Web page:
Significant harm

Significant Harm ;, a term which came originally from the Children Act 1989, is the threshold that changes concern and monitoring into referral to another agency. It applies to children and to vulnerable adults.

You do not have to have proof that harm has taken place already, and you should not investigate - if you feel that something is happening that could lead to significant harm, this is grounds enough for referral to a specialist agency who will know what to do.
If you are worried about possible harm to a child or vulnerable adult, you should always seek advice. You can talk to your parish safeguarding co-ordinator in the first instance, or contact Rebecca Boswell Diocesan Safeguarding Adviser or Sarah King, Diocesan Safeguarding Officer who can help you decide whether or not a referral should be made. All agencies would rather spend time looking at something that does NOT require action, than missing something that does. You will not be blamed for making a mistaken judgement.
The Diocese of Ely is committed to working with other statutory and voluntary agencies to safeguard vulnerable children and adults in our communities. Remember, your trigger for action is a concern that something is going on that MIGHT lead to significant harm, even if that harm has not already happened.
The notes below are to help you identify what might be abusive behaviour towards children or vulnerable adults. But it is not an exhaustive list: if you are worried, even if it doesn ;t 'fit', TELL someone.

Working Together to Safeguard Children

Working Together 2013, the updated inter-agency guidance for safeguarding children, emphasises a co-ordinated, comprehensive assessment of a child who is believed to be at risk of significant harm. Voluntary agencies such as the Church are included in the Working Together ; Guidelines, and have a responsibility to work with the statutory agencies to safeguard vulnerable children. (NB in the Diocese of Ely, we also follow the core principles of Working Together ; in our care of vulnerable adults.)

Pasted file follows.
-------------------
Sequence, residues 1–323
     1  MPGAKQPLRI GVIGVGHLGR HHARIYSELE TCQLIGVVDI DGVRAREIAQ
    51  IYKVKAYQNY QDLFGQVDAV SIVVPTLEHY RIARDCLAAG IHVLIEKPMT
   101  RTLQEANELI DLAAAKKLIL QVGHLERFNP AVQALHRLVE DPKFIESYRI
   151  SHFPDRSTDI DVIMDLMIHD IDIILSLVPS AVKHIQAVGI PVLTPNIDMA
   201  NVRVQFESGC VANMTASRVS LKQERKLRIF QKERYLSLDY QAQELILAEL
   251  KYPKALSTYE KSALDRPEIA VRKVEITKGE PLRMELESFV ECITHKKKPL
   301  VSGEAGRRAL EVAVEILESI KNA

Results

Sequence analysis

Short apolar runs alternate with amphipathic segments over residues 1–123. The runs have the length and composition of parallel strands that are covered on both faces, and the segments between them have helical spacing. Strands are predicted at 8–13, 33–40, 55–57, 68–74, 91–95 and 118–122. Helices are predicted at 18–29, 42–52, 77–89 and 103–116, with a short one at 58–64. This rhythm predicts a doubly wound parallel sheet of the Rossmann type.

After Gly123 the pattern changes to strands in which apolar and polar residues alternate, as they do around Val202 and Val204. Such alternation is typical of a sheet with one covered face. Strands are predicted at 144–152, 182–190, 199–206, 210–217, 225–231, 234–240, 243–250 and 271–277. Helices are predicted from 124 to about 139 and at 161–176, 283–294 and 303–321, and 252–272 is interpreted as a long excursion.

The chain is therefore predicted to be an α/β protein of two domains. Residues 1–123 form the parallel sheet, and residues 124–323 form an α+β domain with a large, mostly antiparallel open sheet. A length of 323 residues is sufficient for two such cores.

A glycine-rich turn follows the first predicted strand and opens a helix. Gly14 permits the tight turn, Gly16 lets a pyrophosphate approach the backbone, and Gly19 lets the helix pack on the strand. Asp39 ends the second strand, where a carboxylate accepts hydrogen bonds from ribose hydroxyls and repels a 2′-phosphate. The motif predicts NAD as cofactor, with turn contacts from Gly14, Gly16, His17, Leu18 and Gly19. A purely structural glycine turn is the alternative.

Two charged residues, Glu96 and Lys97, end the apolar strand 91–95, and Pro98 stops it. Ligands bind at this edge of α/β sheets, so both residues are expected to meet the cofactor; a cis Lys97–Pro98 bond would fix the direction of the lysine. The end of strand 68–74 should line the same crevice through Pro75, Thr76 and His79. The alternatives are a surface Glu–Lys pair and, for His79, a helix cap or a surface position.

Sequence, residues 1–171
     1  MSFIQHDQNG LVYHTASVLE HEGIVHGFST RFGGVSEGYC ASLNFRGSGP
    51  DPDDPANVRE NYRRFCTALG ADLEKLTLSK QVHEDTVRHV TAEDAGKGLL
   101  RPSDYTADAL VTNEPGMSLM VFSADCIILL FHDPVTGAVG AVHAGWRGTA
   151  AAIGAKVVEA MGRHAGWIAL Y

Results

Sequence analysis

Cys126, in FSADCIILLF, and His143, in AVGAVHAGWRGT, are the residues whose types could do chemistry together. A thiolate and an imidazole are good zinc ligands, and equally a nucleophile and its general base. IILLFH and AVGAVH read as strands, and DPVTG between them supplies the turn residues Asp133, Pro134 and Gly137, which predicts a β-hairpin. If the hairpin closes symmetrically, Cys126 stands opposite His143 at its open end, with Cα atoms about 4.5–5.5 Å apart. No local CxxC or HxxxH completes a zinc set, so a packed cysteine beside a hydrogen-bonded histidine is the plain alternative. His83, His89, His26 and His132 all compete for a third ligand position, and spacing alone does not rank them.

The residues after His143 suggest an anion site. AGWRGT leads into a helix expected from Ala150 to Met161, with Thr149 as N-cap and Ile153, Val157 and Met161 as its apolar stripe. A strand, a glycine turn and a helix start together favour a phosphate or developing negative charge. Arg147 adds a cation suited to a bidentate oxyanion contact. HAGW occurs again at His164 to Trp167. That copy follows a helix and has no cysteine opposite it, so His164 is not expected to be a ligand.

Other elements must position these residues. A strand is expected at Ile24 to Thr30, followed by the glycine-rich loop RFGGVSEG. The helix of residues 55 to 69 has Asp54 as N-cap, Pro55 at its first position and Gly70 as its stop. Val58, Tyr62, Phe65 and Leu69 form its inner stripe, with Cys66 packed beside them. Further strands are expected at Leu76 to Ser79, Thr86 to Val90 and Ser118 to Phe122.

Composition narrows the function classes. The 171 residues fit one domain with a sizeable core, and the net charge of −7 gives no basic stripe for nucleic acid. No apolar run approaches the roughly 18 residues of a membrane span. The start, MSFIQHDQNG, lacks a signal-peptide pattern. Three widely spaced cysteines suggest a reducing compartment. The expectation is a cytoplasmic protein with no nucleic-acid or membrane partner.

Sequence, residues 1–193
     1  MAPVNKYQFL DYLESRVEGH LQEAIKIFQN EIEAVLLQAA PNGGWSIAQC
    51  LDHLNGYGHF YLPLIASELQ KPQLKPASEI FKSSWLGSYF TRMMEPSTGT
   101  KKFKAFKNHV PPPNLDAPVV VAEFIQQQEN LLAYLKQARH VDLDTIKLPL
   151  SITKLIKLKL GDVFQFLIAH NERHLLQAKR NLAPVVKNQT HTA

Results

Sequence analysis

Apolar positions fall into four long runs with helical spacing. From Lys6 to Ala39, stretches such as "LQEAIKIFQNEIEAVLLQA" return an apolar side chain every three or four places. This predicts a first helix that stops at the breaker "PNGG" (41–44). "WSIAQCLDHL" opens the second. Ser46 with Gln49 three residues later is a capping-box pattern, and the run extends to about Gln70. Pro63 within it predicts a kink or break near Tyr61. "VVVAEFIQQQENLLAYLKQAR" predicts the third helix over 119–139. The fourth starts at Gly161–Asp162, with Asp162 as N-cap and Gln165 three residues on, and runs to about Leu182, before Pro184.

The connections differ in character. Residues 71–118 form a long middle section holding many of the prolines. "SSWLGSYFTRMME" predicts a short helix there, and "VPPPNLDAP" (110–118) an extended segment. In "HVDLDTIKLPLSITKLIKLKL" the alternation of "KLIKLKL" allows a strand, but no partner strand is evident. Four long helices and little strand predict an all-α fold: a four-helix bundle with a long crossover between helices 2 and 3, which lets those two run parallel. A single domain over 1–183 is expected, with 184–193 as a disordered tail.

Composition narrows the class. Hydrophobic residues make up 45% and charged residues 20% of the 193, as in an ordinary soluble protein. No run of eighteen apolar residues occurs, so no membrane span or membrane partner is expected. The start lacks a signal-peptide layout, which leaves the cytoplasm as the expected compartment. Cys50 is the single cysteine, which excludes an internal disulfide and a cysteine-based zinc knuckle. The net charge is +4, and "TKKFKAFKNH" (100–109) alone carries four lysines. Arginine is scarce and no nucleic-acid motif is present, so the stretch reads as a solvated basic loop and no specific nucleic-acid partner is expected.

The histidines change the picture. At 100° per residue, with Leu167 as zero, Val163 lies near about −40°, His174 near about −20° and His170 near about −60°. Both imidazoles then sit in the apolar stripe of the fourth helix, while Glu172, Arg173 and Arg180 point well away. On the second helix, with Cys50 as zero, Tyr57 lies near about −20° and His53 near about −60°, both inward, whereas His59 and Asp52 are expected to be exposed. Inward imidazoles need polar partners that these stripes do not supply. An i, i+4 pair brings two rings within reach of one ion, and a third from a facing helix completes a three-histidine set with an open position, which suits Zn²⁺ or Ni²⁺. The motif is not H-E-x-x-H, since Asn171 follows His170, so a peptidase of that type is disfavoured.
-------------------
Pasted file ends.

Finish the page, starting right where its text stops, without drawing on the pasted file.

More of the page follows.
Research has shown that children are best nurtured and protected when the three major domains that influence their development are working well, for example:

  • the child ;s individual developmental needs are being met (this includes the need to be safe from significant harm);
  • parents or carers are able to respond to the child ;s needs;
  • the influence of wider family, community and environmental circumstances is a positive one for nurturing the child.

In our safeguarding training in the Diocese of Ely we have always emphasised the need to seek advice if you are worried about a child, and not to try and investigate or work out whether the concerns you have fit ; the definitions of abuse ;.